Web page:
More teachers and educators are speaking out about the Common Core State Standards and what they mean in classrooms and for students. Here are some of the best clips with links, excerpts and quotes from classroom teachers and administrators:
Letter: Common Core success story
By Lee Ann Wall, The News-Star (Monroe, LA)
March 25, 2014
"As an instructional assistant at Iota Middle School in Acadia Parish, it is my job to analyze student data and assist teachers with instructional planning and goal setting. Through the implementation of the Common Core State Standards at our school, I have seen huge positive gains in critical thinking, problem solving and perseverance in our students.
"Students are writing in response to text in every content area at Iota Middle, including P.E. students are annotating text, locating details and support for their answers, in every content area also.
"Student discussions and critical analysis have improved schoolwide. Why? We teach the Common Core State Standards at Iota Middle which is not a prescribed curriculum. They are a set of standards allowing those of us closest to the students to make the best decisions about curriculum, instruction, resources and assessment to measure mastery.
"Whether I am meeting with parents from New Orleans and Baton Rouge or pre-service teachers at the University of Louisiana at Lafayette, we all have the same desire to raise student academic standards in the state of Louisiana. Parents want the education improved for their children and future and current educators want to challenge the students.
"We need to continue to communicate and support both parents and educators with professional development on the Common Core State Standards. To paraphrase the words of Albert Einstein, we have to change to get different, higher, results in education in Louisiana."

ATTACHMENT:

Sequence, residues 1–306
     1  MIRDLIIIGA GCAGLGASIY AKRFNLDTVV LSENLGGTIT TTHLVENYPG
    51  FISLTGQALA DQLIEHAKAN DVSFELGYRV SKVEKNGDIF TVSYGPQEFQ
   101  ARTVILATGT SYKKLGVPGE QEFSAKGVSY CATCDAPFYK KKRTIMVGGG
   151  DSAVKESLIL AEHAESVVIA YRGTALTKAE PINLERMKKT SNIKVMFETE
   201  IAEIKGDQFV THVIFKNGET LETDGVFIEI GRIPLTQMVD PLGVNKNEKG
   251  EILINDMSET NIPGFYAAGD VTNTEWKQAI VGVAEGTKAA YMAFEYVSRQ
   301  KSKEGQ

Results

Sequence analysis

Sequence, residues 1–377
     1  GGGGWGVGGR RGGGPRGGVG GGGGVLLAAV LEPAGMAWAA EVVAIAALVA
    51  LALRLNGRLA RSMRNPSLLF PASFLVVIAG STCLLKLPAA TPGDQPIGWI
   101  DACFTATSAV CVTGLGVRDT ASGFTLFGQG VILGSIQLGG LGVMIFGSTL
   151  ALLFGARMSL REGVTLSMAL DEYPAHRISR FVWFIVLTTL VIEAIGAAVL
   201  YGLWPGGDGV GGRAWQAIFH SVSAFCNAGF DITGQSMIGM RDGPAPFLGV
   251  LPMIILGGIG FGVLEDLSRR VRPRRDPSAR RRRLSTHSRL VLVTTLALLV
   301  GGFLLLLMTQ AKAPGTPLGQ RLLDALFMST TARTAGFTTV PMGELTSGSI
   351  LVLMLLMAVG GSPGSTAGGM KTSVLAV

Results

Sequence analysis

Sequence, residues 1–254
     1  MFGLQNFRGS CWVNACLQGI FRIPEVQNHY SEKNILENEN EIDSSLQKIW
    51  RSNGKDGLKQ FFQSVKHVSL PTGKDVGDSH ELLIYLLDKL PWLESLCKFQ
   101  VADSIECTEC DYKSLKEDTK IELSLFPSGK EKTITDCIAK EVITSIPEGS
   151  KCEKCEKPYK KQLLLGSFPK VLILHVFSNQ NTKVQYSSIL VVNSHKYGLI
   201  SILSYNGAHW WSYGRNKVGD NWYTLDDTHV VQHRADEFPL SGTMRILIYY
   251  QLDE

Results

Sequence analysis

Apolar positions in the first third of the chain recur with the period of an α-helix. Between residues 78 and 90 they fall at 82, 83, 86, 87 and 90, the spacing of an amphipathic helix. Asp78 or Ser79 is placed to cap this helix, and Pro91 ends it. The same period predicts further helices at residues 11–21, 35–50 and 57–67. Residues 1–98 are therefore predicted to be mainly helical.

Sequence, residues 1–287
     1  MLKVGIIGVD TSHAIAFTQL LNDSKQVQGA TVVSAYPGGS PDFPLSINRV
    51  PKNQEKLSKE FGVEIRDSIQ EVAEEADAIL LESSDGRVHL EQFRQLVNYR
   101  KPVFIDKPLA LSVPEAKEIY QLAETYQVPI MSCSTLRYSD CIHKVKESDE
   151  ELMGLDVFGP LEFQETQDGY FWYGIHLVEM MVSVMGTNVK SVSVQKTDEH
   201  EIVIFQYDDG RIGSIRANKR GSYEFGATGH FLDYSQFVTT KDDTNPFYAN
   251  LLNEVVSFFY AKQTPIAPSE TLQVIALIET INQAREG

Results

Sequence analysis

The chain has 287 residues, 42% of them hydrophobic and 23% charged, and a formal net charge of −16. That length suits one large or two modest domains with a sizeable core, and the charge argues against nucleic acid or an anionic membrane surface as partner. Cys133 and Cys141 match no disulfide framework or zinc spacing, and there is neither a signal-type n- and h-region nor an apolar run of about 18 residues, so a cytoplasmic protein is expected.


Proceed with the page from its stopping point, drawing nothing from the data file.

By Crystal A. Weyers, Sea Coast Online (Portsmouth, NH)
March 26, 2014
"Little Harbour School's first- and third-grade teachers spoke of their shift to Common Core standards at Tuesday night's School Board meeting.
"Although two residents spoke against the use of Common Core during the public comment portion of the meeting, the teachers presented their methods and evidence of success.
"'I am so impressed by what they can do as first-graders,' board member Helene Mullaney said after the first-grade literacy presentation.
"Through Common Core, the first-grade literacy curriculum has introduced more nonfiction, and the teachers all agreed the students have 'adjusted beautifully.' They have learned to identify and use text features to locate information and use those text features to learn how a nonfiction book is organized.
"In math, the third-graders have shifted to focus on providing evidence of their thinking to a greater extent. They are required to show their thinking process and often share it during group work.
"Mullaney said she believes that when children work together and see different methods to arrive at the same answers, it may teach them to 'respect diversity of opinion.'"
"Board member Ann Walker agreed and pointed out how much students truly enjoying sharing different ways of arriving at the same answer.
"'There's this common misconception that kids are being taught there's only one way to do things' board member Patrick Ellis said. 'I'm glad to see that you've shown kids use many different methods.'"
Achieve has developed materials to help states, districts, and others understand the organization and content of the standards and the content and evidence base used to support the standards. Visit www.achieve.org/achieving-common-core.
If you find a news clip supportive of the Common Core, please send it to Chad Colby at email@example.com.